Last-minute legislation could fix no-fault loophole

·3 min read

Jun. 12—LANSING — Survivors of automobile crashes requiring lifetime medical care are putting their hopes for continued funding in a bill introduced by state Rep. Ryan Berman, R-Commerce Township, just days before rates are set to be slashed.

After July 1, auto insurance companies will no longer be obligated to pay family members for more than 56 hours per week of care — no matter when the auto insurance claim was filed — and the reimbursement rate for services not covered by Medicare will be cut by 45 percent.

In an amicus brief filed last week in an ongoing insurance-related lawsuit before the Michigan Court of Appeals, a bipartisan group of 73 current and former lawmakers said that was not their intention when they passed auto insurance reforms in 2019.

Lawmakers had informed families and caregivers that two bills introduced weeks ago, and with multiple bipartisan co-sponsors, were stuck in committee and had little chance of being sent to the floor for a vote before the summer break.

But House Bill 4992, introduced Thursday by Berman, vice chair of the House Insurance Committee, is a more simple fix.

It's garnered the support of members of an advocacy Facebook page, We Can't Wait, as well as the Coalition Protecting Auto No-Fault and the Brain Injury Association of Michigan.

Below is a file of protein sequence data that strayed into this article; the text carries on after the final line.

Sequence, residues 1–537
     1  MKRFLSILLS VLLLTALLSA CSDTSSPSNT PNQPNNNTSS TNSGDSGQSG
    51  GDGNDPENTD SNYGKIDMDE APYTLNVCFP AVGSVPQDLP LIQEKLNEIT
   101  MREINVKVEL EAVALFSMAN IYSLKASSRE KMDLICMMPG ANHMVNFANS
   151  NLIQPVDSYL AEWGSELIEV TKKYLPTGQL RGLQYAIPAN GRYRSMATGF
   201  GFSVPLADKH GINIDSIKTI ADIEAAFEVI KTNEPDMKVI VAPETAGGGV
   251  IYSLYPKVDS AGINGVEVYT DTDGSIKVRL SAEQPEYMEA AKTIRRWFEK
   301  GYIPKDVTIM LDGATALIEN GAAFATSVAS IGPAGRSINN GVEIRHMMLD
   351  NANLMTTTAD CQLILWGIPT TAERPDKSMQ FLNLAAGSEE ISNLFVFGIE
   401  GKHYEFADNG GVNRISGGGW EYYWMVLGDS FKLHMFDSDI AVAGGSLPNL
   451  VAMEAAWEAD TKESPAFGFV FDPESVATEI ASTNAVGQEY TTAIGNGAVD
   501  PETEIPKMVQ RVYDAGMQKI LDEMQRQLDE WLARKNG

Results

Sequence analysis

Gov. Gretchen Whitmer signed no-fault insurance reforms May 30, 2019; since then families and small rehabilitation centers like The Lighthouse of Traverse City have tried to sound the alarm.

A 45 percent rate cut could mean closure for facilities like The Lighthouse, said therapist Jessica Stark, and a halt to helpful therapies for those receiving care in their own homes.

"No one can cut their salary, or their business, by 45 percent and still be solvent," Stark previously said. "They're asking the most vulnerable people to do that and it isn't right."

Many of the state's 7 million licensed drivers were happy to be paying lower car insurance premiums once they weren't forced to carry coverage they not only didn't want, but that no other state in the country required.

Figures released Friday by the Insurance Alliance of Michigan found drivers in the state saved more than $1 billion since reforms were enacted.

The savings, IAM said, came from a dramatic reduction in the Michigan Catastrophic Claims Association per-vehicle fee — the same fund which reimburses insurance companies when an auto crash survivor's care reaches catastrophic proportions.

Still, lawmakers who signed the amicus brief and who sought legislative fixes said they did not intend for the fee rate to be "applied retroactively."

"We do not believe the Legislature intended for (insurance law reforms) to be applied retroactively," a memo signed earlier this month by members of the group states. "Many of us voted on this legislation understanding that (the reforms) would only be applied prospectively."

The date the legislature is expected to recess for a summer break is a moving target — first set in mid-June, now expected to be July 2, the same day the new rate schedule is set to take effect.

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